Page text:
As well as helping with acquisitions, the Friends have also supported renovations and improvements to the building, such as the refurbishment of the main gates, the development of the Streatlam Gallery, and not least the award winning Fashion and Textiles Gallery which now draws admiring visitors from all over the world. The acquisition of three exquisite dresses by the Parisian couturier Madeleine Vionnet was made possible by the Friends' support of The Bowes Museum’s purchase in conjunction with the V & A and the Fashion Museum, Bath, between them saving a total of nine items from export. Individual exhibitions receive the support of the Friends, for instance the very popular exhibition of shoes by Vivienne Westwood.

A thrilling new treasure for the Museum, the so-called Lowther Casket, a beautiful box made from Chinese porcelain held in place by elaborate European ormolu mounts, was saved from export in 2013 at the eleventh hour, the final sum being donated by the Friends.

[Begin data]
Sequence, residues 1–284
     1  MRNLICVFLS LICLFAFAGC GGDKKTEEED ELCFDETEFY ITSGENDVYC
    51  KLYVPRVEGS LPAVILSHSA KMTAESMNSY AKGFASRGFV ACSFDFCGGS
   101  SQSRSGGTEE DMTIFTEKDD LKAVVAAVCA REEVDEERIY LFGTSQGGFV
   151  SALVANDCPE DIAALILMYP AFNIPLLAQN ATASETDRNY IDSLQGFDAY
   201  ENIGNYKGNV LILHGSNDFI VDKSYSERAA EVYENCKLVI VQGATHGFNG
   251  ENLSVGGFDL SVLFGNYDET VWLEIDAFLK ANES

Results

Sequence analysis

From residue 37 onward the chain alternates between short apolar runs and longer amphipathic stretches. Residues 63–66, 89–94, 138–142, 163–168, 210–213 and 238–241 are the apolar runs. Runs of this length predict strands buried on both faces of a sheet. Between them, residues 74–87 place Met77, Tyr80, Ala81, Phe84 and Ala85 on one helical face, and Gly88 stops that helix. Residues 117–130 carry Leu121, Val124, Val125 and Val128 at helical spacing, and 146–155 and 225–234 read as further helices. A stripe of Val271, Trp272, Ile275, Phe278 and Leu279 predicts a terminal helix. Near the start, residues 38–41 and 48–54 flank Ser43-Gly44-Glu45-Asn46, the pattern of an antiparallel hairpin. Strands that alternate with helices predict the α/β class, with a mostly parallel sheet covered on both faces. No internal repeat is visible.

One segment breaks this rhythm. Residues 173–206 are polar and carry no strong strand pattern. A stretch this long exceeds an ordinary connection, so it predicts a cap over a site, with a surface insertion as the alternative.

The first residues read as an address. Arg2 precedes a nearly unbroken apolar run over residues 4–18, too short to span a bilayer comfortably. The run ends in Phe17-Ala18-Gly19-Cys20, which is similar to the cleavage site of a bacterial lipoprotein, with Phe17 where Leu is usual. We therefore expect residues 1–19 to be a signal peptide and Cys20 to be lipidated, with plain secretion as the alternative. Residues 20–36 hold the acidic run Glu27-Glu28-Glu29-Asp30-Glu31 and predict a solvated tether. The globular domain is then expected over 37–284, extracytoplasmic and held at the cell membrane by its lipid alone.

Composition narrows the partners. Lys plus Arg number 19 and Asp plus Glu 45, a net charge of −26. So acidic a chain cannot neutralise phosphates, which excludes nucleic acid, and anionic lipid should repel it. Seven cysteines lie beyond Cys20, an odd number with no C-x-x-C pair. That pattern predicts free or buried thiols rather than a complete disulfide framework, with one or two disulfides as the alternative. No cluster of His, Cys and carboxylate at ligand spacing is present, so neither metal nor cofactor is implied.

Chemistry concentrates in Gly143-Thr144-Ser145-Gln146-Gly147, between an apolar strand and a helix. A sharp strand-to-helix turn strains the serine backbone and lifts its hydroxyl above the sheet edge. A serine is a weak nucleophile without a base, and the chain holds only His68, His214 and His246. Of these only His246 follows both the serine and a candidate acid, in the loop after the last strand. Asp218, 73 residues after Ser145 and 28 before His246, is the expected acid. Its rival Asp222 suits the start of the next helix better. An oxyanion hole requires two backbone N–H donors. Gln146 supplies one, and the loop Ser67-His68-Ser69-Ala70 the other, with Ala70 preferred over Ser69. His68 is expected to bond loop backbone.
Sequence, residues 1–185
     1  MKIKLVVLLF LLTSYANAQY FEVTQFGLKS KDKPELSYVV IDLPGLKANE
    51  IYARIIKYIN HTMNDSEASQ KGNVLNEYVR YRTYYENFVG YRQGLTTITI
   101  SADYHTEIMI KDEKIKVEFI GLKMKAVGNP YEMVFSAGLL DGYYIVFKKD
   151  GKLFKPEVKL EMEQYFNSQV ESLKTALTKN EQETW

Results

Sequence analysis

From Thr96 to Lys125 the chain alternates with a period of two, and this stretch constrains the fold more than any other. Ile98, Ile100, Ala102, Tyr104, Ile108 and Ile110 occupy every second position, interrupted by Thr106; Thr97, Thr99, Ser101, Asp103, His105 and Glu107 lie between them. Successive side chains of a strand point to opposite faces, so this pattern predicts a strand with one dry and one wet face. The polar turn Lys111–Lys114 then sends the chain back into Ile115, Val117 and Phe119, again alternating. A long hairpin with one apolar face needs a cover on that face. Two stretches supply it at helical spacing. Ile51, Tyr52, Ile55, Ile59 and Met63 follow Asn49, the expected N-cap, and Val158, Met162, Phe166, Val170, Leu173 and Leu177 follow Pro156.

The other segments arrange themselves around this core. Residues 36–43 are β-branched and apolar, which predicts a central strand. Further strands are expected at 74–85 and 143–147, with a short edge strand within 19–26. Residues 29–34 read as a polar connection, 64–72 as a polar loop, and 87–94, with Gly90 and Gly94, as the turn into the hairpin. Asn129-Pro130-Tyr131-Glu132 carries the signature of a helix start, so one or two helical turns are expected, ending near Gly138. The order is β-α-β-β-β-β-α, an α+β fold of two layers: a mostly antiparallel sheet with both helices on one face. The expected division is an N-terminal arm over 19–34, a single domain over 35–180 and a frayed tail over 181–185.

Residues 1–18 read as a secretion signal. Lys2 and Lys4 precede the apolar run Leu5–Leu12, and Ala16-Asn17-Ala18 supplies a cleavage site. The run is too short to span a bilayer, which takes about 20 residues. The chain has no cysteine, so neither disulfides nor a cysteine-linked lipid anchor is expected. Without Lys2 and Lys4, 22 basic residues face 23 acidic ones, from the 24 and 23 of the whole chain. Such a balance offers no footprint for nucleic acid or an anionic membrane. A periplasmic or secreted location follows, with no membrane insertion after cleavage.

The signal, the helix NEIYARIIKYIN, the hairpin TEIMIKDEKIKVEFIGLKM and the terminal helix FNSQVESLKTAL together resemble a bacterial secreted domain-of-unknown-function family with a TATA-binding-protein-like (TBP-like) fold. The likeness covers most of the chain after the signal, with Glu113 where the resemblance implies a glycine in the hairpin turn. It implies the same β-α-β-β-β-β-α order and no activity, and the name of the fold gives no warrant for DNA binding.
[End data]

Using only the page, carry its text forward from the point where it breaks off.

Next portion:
Meanwhile, in keeping with their aims to support education, the Friends have developed close links with the Education department, housed in the refurbished vaults. The Friends support their special events and exhibitions, such as the Egyptian event in the Summer of 2011, which saw more than 1,000 children enter the Egyptian Trail competition.

Work on the repair and conservation of individual items also receives the Friends’ support; this lately included the restoration of two keyboards from the 18th and 19th centuries which are now not only displayed, but also on occasion played at Friends’ Music Group concerts in the magnificent surroundings of the Music Room. Finally, what would The Bowes Museum be without its famous Silver Swan, which was recently fully restored in public view in a special glass-fronted workshop, and now proudly welcomes all visitors to the main picture galleries?